SHAFAQNA –Tunisia’s next government should be a broad as possible coalition so that it has the necessary support to implement difficult economic reforms, the outgoing prime minister said Friday in an implicit backing of an Islamist-secular alliance.
A secular nationalist party called Nidaa Tounes won the most seats in October’s parliamentary election on an explicitly anti-Islamist platform.
While the moderate Islamist Ennahda Party came in second, many Nidaa Tounes officials have characterized any potential alliance as “unnatural.”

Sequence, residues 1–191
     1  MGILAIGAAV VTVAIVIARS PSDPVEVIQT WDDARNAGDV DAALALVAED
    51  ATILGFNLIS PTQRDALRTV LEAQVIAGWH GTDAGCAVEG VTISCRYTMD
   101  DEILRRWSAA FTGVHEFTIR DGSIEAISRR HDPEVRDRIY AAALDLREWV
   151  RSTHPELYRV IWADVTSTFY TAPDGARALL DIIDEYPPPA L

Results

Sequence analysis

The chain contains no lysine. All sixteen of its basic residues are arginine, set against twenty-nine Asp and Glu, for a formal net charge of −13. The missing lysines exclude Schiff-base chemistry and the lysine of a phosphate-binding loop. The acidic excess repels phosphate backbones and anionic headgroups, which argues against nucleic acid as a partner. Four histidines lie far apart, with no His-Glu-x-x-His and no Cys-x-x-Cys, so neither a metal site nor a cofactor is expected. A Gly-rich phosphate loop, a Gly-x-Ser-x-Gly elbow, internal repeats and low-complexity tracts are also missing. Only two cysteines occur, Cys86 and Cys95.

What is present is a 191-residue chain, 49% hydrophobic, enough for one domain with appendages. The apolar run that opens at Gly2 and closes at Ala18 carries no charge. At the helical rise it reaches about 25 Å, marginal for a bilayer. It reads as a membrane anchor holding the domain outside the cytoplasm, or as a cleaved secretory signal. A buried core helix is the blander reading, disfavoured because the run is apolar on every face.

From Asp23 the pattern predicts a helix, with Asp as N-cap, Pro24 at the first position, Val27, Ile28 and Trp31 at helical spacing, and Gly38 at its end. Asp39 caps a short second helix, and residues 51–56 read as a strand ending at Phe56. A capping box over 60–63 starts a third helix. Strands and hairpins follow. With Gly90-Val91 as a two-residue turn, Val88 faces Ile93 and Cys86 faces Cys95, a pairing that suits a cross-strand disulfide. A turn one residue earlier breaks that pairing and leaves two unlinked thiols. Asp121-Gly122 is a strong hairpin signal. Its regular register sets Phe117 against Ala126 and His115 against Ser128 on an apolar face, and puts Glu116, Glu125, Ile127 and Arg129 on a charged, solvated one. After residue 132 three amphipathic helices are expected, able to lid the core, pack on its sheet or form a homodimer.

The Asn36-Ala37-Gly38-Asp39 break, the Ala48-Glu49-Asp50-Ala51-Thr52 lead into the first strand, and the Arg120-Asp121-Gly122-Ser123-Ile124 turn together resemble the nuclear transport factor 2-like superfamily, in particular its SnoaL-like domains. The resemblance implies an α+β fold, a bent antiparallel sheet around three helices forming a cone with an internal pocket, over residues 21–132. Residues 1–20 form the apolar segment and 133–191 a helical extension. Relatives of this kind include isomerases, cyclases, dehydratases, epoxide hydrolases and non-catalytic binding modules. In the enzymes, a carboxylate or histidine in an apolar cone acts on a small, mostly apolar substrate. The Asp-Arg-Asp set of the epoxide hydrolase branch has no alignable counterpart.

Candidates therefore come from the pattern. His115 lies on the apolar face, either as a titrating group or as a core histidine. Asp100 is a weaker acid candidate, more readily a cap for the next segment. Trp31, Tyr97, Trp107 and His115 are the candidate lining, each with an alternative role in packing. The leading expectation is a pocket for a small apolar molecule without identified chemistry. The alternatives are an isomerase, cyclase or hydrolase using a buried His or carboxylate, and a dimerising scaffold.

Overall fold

Without the Islamists, who hold 69 seats to Nidaa Tounes’ 86 seats in the 217 member assembly, the new government coalition would be fairly weak.
“Obviously to pass reforms, you need a large consensus,” Mehdi Jomaa told the Associated Press while attending the 15th biannual summit of French speaking countries in Dakar, Senegal. “Considering the difficulties that we have, (the governing coalition) has to be the largest possible and what’s more it has to be open to an opposition.”